Two Lions is offering a copy of Duck and Hippo to one lucky winner (U.S. addresses).

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**Thank you to Barbara at Blue Slip for providing copies for review!**

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Chilly Da Vinci
Author and Illustrator: J. Rutland
Published by December 4, 2018 by NorthSouth Books

Goodreads Summary: While others do “penguin” things, Chilly da Vinci—self-declared inventor penguin, builds machines that don’t work…yet!  Chilly ties into the popular “maker” movement with humor and imagination.

While others do “penguin” things, Chilly da Vinci—self-declared inventor penguin, builds machines that don’t work…yet!

Ricki’s Review: My son tells everyone that he is an engineer. He spends a lot of time drawing his inventions and then building them with blocks. Needless to say, he was thrilled about this book. Chilly is an inventor who builds machines that don’t work. This offers great opportunities for conversations about the revision process and the time and patience required for inventors to be successful. The book ties well with history and Da Vinci’s inventions. There is wonderful classroom potential with this book. The illustrations border realistic and fantastic, which makes for fun examinations across pages. This book will be a favorite in classrooms and it is quite inspiring. I am most excited about its interdisciplinary potential.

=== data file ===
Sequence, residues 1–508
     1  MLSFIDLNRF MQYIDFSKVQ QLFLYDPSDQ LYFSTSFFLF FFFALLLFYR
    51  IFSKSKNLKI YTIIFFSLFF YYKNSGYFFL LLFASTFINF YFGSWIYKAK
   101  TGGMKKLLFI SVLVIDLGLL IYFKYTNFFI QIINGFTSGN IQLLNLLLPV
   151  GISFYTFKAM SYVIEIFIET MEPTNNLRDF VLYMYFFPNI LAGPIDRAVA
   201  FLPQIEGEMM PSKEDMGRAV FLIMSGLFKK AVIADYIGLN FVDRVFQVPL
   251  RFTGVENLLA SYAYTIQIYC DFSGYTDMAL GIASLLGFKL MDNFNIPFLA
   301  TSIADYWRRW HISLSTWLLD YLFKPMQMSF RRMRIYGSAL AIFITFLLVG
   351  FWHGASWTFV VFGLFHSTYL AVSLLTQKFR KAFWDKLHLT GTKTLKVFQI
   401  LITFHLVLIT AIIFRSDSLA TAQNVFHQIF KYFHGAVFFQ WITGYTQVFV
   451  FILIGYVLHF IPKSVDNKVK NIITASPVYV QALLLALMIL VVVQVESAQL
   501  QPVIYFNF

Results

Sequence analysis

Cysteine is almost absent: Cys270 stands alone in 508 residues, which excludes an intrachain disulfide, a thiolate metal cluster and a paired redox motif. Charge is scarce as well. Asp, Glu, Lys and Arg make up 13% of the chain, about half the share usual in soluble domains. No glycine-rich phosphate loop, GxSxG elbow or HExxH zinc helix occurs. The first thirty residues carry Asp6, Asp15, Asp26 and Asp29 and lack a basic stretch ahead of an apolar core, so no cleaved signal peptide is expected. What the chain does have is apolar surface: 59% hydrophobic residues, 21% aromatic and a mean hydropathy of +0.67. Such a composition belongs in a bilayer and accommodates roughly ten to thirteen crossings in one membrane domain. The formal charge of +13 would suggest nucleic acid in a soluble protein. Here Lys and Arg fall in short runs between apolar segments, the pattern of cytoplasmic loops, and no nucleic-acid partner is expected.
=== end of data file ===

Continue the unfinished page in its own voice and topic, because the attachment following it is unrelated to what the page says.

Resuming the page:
Kellee’s Review: The structure of this book is so interesting! It switches between the reality of Chilly’s situation and a narrative of possibilities and his imagination. This will lead to some amazing conversations and also gives an example of a different type of narrative. I also think that so much can be done with the different creations that Chilly makes looking at real inventions and the sketches and research of Leonardo da Vinci. On top of that, I love the message of Chilly’s journey! It is all about not giving up and never letting anyone tell you something isn’t doable. Oh, and he’s a super cute penguin!